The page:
A Metaphor Can Save Us

By Batz, Jeannette | National Catholic Reporter, July 14, 2000 | Go to article overview

A Metaphor Can Save Us


Batz, Jeannette, National Catholic Reporter


Why should a biblical resurrection have more physical verifiability than love itself?

The merlot was an indulgence; usually I avoid wine at lunch, afraid I'll doze over the keyboard the rest of the afternoon. But deadline was met, and the wine was rich and fumy. I held the glass loosely at the stem, letting it tilt and swirl while I reminisced about this year's Good Friday liturgy -- its stark beauty, its deep emotional power. Halfway through what I thought was an eloquent account, my friend looked up from his pasta.

"You really believe all that?"

"All ... what?" I asked, afraid he was referring to my maudlin adjectives.

"That Christ rose from the dead," he said impatiently, "to give us eternal life."

The merlot glow dissipated like fog in sun. I reached for the pitcher of iced tea, buying time.

Did I believe it?

"Maybe not literally, detail by detail as exact historic fact, "I hedged," although I don't disbelieve it either. I just don't know. And to be honest, I'm not even sure the literal facts matter that much to me. Because as metaphor, I believe it absolutely."

I might as well have thrown my head back and issued a war whoop. Charges of hypocrisy flew across the table, landing hard on the side of my face. Instead of turning the other cheek, I ducked and tried to deflect them. "You know, Mike, quite a few theologians and church officials would say the same thing if you got them drank and injected them with truth serum."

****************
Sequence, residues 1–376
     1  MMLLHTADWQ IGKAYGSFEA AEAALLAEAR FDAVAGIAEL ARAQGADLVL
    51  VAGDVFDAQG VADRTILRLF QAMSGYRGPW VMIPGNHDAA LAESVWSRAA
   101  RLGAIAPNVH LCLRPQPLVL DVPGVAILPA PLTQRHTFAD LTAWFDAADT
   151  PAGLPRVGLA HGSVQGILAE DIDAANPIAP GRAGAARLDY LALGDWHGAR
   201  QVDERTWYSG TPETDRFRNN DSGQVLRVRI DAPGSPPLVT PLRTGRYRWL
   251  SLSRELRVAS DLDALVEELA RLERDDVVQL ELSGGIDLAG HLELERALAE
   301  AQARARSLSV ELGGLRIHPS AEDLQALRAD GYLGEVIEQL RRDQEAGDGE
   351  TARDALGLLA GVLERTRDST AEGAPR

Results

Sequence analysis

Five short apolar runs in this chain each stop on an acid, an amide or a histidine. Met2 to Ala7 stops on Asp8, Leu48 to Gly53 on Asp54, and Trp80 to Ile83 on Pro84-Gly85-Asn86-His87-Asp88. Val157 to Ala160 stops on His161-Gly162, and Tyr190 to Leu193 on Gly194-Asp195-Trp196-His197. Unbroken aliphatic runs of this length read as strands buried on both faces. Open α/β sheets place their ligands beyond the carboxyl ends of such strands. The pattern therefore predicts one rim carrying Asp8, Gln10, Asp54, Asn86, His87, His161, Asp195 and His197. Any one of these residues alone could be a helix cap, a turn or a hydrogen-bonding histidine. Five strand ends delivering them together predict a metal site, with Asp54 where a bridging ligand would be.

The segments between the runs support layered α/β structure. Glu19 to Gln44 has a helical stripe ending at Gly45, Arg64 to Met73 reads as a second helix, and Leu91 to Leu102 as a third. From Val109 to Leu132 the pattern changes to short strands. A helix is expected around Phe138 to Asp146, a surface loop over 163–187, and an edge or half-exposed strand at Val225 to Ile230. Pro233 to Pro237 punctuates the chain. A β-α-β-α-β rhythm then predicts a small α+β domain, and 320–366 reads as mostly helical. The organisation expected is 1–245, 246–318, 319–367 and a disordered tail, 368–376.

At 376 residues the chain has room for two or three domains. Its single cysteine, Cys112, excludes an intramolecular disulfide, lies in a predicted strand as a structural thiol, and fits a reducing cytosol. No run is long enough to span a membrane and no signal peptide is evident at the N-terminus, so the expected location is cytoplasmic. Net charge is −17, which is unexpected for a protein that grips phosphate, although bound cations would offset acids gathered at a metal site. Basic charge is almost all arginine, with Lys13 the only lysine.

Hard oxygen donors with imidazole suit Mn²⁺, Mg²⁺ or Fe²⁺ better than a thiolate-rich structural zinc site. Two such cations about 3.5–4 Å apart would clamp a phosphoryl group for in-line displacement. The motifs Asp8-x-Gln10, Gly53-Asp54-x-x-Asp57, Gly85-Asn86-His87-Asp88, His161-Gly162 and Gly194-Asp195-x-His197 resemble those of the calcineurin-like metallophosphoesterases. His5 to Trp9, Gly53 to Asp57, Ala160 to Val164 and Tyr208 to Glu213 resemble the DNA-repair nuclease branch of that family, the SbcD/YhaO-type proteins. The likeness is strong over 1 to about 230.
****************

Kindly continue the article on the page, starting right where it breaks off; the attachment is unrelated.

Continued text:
"Then they're betraying their flock, because those people depend on the resurrection to be literally true. That's the very ground of their faith. They build their lives on it."

"Exactly," I replied. "The people who believe at the level of metaphor don't want to shake the faith of people for whom that makes no sense, so they just translate back and forth. Which is fine, because they're all saying the same thing, anyway. It's just two different levels of truth."

Mike cocked his head, and I knew I was in for it. "So who says the truth of metaphor's any higher or better than the truth of history?" He pushed away the rest of his pasta and leaned forward. "What is truth, anyway?"

Pilate has asked the same question.

Nobody had answered.

Taking advantage of my silence, Mike fired again: "What good is a metaphor about resurrection if the resurrection didn't physically happen? For that matter, what good is metaphor, period?"

I took a stab about as forceful as a grapefruit knife. "Metaphor is a way to express relationships too profound for regular prose," I recited. "It's the language of symbol; it builds bridges and connects dissimilar things and reconciles opposites and embraces paradox." My list, cribbed from old English class notes, kept growing. "Metaphor," I said finally, "transcends the material world."

Driving home, I continued the conversation alone, and suddenly my points seemed more convincing. Saying something was metaphor didn't mean it wasn't true, it meant it was true in the most universal way possible. Jesus literally dying to save us was a powerful fact, a martyrdom worthy of worship. But if you raised it to metaphor, that death represented the ability of pure, self-sacrificing love to redeem all of creation. …

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